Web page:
A Speech for the Next GOP Nominee for President

AN HISTORICAL DOCUMENT: This was the lead article in the fall 1999 issue of REP’s The Green Elephant newsletter.


Good evening. It is a privilege to be here tonight, as our party’s nominee for the highest office in the most beautiful country on the face of the Earth.

This is the first year of the next American century. The choices we make this year will influence the kind of country our children and grandchildren will inherit in the years to come. We live in exciting times, and America continues to set the pace. Astonishing technology and our innate, can-do ethic are creating a new economy and new opportunities for all Americans.

I tell you these things in the year 2000. Yet a hundred years ago, Theodore Roosevelt, one of our greatest presidents, could have delivered much the same speech. In Roosevelt’s time, as in our time, America was striding into a new century of both promise and peril.

Roosevelt was a great leader in many ways, but perhaps the most unforgettable dimension of his leadership was the foresight he showed in conserving America’s natural resources. The parks, forests and wildlife refuges he set aside are an enduring legacy of responsible stewardship.

Conservation was an area T. R. had a strong personal interest in. He was a skilled big-game hunter and an accomplished writer on natural history. His books on the West’s wild spaces and on American wildlife still make interesting reading.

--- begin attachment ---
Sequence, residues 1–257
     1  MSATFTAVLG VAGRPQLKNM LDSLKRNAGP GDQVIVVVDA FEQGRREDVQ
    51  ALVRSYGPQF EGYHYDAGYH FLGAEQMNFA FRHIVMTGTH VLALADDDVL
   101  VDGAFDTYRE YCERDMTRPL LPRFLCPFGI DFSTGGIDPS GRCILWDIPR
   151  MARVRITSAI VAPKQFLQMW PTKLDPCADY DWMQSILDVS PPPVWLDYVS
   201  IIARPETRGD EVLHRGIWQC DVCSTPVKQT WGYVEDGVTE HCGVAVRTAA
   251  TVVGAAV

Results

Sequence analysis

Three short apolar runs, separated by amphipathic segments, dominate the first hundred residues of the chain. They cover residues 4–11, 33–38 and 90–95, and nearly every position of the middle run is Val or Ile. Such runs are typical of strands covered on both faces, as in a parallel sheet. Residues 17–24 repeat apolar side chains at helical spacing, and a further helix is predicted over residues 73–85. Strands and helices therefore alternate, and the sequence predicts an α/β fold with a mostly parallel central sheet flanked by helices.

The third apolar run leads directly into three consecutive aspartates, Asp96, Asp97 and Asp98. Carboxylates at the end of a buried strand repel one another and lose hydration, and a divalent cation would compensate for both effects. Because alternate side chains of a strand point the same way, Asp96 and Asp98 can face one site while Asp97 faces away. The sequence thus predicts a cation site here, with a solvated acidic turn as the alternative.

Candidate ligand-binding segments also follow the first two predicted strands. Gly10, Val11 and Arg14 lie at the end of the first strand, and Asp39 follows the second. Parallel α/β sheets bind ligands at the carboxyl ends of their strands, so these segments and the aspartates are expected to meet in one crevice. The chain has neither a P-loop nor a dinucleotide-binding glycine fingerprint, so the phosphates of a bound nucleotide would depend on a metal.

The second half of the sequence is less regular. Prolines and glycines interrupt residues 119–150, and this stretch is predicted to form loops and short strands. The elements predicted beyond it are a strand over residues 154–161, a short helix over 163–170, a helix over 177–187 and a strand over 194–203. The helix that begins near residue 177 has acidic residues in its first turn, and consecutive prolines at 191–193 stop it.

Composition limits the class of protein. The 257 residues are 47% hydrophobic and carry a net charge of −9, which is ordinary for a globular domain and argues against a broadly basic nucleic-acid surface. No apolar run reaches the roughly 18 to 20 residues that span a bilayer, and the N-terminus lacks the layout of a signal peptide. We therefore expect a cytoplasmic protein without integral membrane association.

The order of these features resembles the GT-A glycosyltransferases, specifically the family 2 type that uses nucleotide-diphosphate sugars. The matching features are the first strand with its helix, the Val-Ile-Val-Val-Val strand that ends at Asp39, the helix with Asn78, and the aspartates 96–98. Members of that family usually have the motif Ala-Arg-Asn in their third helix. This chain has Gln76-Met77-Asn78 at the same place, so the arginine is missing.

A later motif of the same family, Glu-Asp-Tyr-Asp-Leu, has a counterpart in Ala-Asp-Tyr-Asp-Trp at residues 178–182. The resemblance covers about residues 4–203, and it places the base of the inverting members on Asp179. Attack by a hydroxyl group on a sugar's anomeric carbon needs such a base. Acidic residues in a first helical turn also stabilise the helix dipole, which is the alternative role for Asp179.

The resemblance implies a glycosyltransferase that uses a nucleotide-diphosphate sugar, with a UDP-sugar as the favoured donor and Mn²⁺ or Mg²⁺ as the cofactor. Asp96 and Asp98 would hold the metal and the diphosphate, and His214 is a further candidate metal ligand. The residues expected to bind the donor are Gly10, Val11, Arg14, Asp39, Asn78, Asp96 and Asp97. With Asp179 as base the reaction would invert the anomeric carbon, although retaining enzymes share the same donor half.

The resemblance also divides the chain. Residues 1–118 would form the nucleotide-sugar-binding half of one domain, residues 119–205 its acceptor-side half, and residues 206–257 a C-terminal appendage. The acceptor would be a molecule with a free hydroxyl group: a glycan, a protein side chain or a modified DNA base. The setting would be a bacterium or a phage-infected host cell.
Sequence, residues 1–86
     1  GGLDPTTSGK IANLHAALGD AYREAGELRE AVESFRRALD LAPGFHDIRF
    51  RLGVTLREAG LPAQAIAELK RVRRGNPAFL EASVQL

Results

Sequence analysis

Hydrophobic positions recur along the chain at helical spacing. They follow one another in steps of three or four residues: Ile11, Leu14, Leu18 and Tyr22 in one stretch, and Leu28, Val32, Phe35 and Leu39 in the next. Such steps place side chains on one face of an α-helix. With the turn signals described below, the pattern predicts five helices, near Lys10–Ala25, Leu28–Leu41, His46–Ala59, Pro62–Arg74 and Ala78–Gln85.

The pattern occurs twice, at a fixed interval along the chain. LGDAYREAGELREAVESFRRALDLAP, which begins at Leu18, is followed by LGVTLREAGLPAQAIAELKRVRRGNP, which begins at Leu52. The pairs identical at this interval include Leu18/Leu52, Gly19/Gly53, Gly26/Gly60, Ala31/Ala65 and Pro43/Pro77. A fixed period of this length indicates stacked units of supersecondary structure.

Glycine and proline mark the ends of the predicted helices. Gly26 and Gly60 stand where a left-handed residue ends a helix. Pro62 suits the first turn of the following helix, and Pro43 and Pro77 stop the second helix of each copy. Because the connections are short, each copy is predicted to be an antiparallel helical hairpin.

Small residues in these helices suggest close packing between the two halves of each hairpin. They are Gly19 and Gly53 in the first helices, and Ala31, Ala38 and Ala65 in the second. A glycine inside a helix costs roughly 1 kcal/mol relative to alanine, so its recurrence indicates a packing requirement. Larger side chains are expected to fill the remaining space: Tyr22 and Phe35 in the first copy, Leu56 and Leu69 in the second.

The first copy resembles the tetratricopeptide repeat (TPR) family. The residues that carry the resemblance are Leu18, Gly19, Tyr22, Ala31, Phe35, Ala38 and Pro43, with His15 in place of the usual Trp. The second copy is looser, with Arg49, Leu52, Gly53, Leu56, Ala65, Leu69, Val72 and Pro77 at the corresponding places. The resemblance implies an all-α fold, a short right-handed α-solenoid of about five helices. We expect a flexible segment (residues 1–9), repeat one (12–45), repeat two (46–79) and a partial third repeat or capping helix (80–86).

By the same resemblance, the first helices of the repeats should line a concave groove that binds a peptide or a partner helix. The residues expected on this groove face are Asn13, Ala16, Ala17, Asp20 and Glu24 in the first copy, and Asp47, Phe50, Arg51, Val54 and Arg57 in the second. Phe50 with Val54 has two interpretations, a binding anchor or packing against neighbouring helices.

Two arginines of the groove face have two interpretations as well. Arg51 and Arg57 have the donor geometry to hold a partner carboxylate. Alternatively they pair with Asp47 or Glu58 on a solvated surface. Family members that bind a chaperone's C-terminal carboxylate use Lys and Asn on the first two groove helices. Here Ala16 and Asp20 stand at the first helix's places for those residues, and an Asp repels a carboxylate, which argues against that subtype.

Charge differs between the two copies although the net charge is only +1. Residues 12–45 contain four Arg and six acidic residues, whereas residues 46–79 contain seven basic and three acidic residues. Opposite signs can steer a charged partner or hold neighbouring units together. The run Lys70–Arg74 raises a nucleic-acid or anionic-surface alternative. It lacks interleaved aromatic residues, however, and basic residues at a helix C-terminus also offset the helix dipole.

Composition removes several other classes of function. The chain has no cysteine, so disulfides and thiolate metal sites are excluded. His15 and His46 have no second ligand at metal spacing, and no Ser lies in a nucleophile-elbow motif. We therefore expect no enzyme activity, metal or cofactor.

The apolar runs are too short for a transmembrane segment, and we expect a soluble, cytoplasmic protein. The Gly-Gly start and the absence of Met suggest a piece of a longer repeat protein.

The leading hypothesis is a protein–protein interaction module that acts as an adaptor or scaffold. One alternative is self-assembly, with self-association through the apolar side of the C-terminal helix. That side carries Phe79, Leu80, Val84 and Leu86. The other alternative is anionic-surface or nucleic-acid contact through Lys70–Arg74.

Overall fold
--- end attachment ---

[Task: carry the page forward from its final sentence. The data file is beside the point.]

But his focus on conservation was much more than a personal interest. T. R. knew that responsible stewardship of our natural resources is key to maintaining America’s strength and greatness, both today and in the future. He realized that our natural heritage is a unique part of our common inheritance—just like the Declaration of Independence, the Statue of Liberty, and the battlefields of the Revolution.

As T. R. put it so eloquently, “Conservation is a great moral issue, for it involves the patriotic duty of ensuring the safety and continuance of the nation.” Theodore Roosevelt knew that conservation was a conservative thing to do— and he acted accordingly by creating a Republican conservation heritage. As president, I intend to remember that heritage and act on it.

Today, as in T. R.’s day, we face important conservation issues. Over the last thirty years, we have made a lot of progress in the environmental arena. Thanks to strong leadership by both Republicans and Democrats, our air and water are cleaner. We’ve made some progress using energy and other resources more efficiently. We’ve set aside more special places for our children and grandchildren to enjoy. Bald eagles and peregrine falcons are soaring again over our forests, valleys and mountains.